Sangria is best when shared with guests -- so make sure you serve it in a container that will hold enough for everyone. In Spain, the traditional serving vessel for sangria is a pitcher with a characteristic "pinched" spout. This narrow opening stops the fruit from tumbling out of the pitcher while pouring. At a party, a punch bowl does just as well. The juicy, wine-soaked fruit is one of the most enjoyable things about sangria, so be sure to provide guests with a ladle -- or a long-handled wooden spoon if you want to be traditional -- to scoop out the fruit.
The Right Glass
A sangria glass requires a few important traits. It has to be wide enough to hold not only the sangria but large chunks of fruit and ice as well; since these additions make up a lot of sangria's volume, it should also be relatively large. Within these limits, you can serve sangria in any kind of glass, whether a large wine glass, a hurricane glass or a simple cup.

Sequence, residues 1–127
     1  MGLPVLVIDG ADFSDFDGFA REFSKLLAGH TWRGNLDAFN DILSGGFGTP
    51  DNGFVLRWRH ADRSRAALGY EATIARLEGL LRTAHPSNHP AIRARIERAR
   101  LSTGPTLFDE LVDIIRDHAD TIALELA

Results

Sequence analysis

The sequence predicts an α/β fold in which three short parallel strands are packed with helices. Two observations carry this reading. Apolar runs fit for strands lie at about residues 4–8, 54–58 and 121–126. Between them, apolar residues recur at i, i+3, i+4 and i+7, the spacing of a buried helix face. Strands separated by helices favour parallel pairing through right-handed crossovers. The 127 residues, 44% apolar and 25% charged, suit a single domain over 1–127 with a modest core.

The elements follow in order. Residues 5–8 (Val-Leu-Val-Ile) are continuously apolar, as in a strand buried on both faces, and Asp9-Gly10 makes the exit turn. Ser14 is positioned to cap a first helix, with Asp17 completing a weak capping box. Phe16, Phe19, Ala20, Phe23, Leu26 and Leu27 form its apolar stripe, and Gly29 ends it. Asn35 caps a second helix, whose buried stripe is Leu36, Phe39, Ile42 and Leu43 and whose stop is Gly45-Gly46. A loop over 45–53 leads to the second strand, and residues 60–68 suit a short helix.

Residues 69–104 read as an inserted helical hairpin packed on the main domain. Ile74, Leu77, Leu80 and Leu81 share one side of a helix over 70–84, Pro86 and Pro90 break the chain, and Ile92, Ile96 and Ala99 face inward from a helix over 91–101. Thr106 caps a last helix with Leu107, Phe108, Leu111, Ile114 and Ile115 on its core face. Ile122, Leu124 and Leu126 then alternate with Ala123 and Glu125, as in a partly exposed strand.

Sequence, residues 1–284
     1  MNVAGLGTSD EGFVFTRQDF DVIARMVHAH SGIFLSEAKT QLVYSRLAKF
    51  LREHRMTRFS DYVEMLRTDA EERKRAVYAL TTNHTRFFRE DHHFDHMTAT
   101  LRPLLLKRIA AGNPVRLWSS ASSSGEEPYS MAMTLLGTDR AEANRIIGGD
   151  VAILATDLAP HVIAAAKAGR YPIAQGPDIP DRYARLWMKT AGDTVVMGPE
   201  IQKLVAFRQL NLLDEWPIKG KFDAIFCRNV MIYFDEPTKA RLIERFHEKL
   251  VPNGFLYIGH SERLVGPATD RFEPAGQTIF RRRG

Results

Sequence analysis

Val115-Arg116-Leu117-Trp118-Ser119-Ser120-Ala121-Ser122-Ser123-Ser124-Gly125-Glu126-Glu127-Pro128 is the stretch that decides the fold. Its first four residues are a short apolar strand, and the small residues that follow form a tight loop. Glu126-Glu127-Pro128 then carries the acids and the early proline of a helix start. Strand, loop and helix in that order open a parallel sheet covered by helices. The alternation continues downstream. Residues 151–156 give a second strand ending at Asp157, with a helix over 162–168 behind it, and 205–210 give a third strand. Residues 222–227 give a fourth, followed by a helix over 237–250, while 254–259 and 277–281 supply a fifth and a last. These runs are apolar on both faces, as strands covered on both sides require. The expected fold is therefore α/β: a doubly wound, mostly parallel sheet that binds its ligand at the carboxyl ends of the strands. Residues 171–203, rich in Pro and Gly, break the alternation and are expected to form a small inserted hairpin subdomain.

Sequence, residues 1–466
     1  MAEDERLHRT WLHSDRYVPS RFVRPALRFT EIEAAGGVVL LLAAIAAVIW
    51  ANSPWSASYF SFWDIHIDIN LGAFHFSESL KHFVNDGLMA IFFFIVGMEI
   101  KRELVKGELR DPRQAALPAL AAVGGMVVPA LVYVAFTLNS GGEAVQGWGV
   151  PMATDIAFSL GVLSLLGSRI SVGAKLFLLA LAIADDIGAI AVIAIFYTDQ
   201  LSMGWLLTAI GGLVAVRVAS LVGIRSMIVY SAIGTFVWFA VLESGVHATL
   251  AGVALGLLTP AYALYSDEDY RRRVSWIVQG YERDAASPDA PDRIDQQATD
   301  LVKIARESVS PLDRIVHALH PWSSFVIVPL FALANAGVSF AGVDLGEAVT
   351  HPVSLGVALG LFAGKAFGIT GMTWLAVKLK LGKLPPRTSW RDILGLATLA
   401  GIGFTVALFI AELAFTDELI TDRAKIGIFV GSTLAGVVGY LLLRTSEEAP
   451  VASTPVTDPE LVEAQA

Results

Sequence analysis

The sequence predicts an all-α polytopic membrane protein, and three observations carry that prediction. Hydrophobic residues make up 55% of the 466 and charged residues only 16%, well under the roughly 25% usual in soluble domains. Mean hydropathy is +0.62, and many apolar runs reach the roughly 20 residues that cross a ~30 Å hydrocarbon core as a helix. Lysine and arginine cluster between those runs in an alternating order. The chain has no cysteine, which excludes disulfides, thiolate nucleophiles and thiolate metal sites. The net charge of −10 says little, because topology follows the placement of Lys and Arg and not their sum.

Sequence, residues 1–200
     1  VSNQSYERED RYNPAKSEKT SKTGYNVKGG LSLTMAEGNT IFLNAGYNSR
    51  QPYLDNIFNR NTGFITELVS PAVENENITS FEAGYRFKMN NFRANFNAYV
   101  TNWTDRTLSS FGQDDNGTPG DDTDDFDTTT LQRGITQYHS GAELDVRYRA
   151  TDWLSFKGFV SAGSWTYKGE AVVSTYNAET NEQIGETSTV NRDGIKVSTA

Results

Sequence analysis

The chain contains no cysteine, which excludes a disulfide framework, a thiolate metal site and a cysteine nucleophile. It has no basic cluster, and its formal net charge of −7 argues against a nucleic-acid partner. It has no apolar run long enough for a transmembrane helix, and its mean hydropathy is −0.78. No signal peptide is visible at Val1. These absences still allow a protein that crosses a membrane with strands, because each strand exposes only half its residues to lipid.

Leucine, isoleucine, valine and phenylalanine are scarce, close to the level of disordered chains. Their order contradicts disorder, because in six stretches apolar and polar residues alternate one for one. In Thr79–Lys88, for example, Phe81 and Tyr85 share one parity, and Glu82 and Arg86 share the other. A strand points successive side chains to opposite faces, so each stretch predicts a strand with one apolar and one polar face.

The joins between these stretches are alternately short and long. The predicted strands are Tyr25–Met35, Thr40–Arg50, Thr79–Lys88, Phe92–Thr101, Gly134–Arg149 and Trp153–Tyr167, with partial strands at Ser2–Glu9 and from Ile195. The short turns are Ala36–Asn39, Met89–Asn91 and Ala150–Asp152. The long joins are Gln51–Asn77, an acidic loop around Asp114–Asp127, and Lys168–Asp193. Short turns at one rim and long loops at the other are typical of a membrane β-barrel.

As the ice in a pitcher of sangria melts, it will gradually dilute the drink. To avoid this problem, replace the ice with something a little more flavorful. When you're making your sangria, slice some extra fruit and pop it in the freezer. The next day, drop a few pieces of frozen fruit in each glass in lieu of ice cubes. Your sangria will stay cold, but instead of extra water your guests will have a little more fruit to snack on.
What to Serve With Sangria
Sweet and fruity, sangria pairs well with spicy food -- which is good news since it's traditionally served with Spanish or Mexican food. Serve sangria together with a Spanish staple like paella -- this rice dish comes in a heaping communal plate, making it a good choice for sharing. Appetizers like spicy cheese and calamari also go well with sangria; the drink's sweetness complements their hot or garlicky flavors.
Dr James Holloway has been writing about games, geek culture and whisky since 1995. A former editor of "Archaeological Review from Cambridge," he has also written for Fortean Times, Fantasy Flight Games and The Unspeakable Oath. A graduate of Cambridge University, Holloway runs the blog Gonzo History Gaming.